Next is considered the situation when a local peer process either fails or otherwise comes to a normal end. In this situation, group services 140 automatically initiates a failure protocol with respect to the failed or stopped process. Otherwise, there is no need for special action or operations to be performed by other processes in the group.

Using the above described protocol and methods, a distributed peer-to-peer data processing system with separate processes running on its nodes is provided with a number of advantages. For example, all of the peer processes are guaranteed to received a consistent incarnation number and to thus preserve consistent use of the global resource. Furthermore, all of the peer processes are guaranteed to access the global resource only once whenever it changes. This minimizes the number of accesses to the global resource and, therefore, it enhances overall system performance. The present method also automatically propagates change notification with respect to the global resource to all peer processes and thus eliminates all consistency concerns particularly those dealing with reconfiguration. And lastly, it is noted that the protocol and method is readily implemented using existing Group Services interface.

With respect to the present system and protocol, it is also noted that data changes are proposed. They are not automatic. Accordingly, this provides a mechanism for a certain amount of decision making and autonomy present in local processes. This autonomy may be taken advantage of to any desired degree. In particular, it is noted that the results of comparing local incarnation numbers with proposed incarnation numbers can result in operations being performed by the local process other than those necessarily related to the global resource. Furthermore, it is noted that the present invention provides a mechanism for indicating via the communication linkage provided by Group Services a detailed description of the nature and extent of the change made to the global resource. In particular, it is noted that particularly for larged sized global resources, transmission of the entire set of data is not necessary. It is noted that local processes can take advantage of their decision making authority in regard to the specific changes made in the global resource.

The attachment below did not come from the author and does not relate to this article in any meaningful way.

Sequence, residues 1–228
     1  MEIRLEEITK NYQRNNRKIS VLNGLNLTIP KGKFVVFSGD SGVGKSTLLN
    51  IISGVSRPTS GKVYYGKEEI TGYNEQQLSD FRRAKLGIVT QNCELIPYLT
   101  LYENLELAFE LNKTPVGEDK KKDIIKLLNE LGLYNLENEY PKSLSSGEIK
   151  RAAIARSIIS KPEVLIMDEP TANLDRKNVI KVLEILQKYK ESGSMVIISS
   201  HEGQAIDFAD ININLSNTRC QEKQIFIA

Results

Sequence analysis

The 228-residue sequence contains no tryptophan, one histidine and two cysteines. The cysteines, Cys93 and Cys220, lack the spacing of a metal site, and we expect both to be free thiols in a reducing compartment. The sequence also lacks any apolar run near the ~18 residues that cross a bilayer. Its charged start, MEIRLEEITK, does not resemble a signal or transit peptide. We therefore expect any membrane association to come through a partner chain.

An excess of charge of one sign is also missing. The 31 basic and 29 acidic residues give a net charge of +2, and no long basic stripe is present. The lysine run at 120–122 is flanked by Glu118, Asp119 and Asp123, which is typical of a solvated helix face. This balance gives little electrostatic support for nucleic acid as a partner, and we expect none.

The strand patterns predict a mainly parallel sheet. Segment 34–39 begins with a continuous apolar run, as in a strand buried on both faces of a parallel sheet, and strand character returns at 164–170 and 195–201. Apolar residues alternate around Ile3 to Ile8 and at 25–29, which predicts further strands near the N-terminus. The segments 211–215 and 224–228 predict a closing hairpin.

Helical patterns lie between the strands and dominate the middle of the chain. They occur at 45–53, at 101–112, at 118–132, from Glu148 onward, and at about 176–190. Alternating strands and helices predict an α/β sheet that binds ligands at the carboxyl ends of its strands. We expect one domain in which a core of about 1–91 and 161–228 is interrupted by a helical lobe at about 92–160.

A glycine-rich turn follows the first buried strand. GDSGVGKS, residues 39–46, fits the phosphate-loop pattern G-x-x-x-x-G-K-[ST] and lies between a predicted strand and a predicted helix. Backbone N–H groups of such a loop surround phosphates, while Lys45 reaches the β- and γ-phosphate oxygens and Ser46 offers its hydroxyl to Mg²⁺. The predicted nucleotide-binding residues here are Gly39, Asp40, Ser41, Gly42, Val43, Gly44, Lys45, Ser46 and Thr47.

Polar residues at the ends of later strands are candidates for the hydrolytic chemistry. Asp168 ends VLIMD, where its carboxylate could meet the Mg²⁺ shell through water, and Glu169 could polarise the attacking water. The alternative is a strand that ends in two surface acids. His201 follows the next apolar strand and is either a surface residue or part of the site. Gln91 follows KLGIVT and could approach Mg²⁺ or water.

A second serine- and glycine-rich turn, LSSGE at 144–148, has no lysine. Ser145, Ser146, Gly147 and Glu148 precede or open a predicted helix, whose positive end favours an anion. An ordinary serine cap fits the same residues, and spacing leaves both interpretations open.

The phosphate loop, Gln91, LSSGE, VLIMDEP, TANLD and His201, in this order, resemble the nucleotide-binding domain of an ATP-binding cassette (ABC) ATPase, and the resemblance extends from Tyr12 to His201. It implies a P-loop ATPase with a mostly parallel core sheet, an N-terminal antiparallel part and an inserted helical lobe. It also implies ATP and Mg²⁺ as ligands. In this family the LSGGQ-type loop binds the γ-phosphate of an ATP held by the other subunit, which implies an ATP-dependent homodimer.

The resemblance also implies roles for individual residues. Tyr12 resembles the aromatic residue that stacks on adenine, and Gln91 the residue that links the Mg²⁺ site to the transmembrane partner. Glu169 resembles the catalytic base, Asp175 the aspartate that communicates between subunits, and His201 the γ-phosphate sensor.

From the above, it should be appreciated that the objects of the present invention are accomplished by various embodiments of the system and method described herein. In particular, it is seen that consistency of global resource data is maintained across a plurality of distributed nodes in a peer-to-peer manner in a defined node group. It is also seen that transmission of data across network connection 150 is also kept to a minimum in the systems of the present invention while at the same time still maintaining the desired consistency.

While the invention has been described in detail herein in accordance with certain preferred embodiments thereof, many modifications and changes therein may be effected by those skilled in the art. Accordingly, it is intended by the appended claims to cover all such modifications and changes as fall within the true spirit and scope of the invention.

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Referenced by
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US7010576May 30, 2002Mar 7, 2006International Business Machines CorporationEfficient method of globalization and synchronization of distributed resources in distributed peer data processing environments
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Classifications
U.S. Classification709/225, 707/E17.032, 709/213, 709/212, 707/758, 707/959, 707/695, 707/999.01, 707/999.007, 707/999.008, 707/999.009
International ClassificationG06F17/30
Cooperative ClassificationY10S707/959, Y10S707/99939, Y10S707/99938, Y10S707/99937, G06F9/542
European ClassificationG06F9/54B